University of the Witwatersrand, South Africa
Title: Effect of exercise intervention programs on anthropometric, physiological and cardiometabolic parameters of persons with and without metabolic syndrome
Georgia Torres has completed her PhD in Exercise Physiology, specifically in the area of Metabolic Syndrome and Exercise Programming at the University of the Witwatersrand, South Africa. In 2000 she also qualified as a Conditioning and Strength Specialist (CSCS) by the National Strength and Conditioning Association of America (NSCA). She has co-written the hockey conditioning and endurance training manual for The International Institute of Fitness (Pretoria University) and published a book on exercise and metabolic syndrome. In addition, she was the conditioning specialist for the South African Women’s Olympic Hockey Team 2000-2004 and for the U21 National Hockey Team, 2012-2014. Currently, she is the Regional Manager for the Exercise is Medicine, South African branch and the Medical Director of the Medical Wellness Center on DiData Campus that implements exercise intervention programs for all NCDs.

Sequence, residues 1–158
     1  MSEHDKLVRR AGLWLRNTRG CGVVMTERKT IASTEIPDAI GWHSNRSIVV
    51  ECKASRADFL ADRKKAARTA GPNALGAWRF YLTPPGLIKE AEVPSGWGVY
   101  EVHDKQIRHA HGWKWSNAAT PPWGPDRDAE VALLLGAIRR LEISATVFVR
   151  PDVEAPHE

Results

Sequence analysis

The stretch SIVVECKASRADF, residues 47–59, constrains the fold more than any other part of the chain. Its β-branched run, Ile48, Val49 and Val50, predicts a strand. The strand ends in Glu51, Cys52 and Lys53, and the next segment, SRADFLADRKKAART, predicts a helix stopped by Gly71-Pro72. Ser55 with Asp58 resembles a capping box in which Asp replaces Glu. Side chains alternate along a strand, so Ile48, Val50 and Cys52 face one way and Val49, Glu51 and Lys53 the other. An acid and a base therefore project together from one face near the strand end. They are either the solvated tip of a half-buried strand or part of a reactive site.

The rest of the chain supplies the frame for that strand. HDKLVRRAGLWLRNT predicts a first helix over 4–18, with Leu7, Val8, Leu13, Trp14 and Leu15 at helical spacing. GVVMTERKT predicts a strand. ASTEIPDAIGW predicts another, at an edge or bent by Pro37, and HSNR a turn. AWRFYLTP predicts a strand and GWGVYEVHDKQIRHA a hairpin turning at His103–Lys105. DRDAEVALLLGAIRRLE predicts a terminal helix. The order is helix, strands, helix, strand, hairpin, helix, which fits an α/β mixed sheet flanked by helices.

Effective exercise programs for treating metabolic syndrome (MetS) have not been devised. The principle aim of this study was therefore to use the anaerobic threshold (AT) to design an exercise program that optimized individual exercise responses in individuals with MetS. Ten participants with MetS (MetSL) exercised using a walking program which does not use the AT to set training intensities. A second group of ten participants without MetS exercised using velocity at AT to set training intensities (Non-MetSV). The experimental group consisted of ten participants with MetS exercising using velocity at AT to set training intensities (MetSV). Physical, physiological and metabolic responses were measured in all groups before, during and after 20 weeks of exercise. BMI and waist circumference decreased in all groups. In addition, velocity at AT increased in all training groups. The VO2 peak did not change significantly in the non-MetSV group. The blood pressure response was favorable in the groups with MetS yet absent in the group without MetS. The MetSV group was the only group to show significant, positive changes in any of the metabolic parameters (fasting insulin and HOMA). In addition, the training program used in the MetSV group had a greater effect on reducing the number of MetS components than did the training program not using AT. An exercise program using AT to set intensity is effective in eliciting beneficial responses in individuals diagnosed with MetS while allowing a bearable exercise intensity and duration in subjects unaccustomed to the discipline of exercise training.
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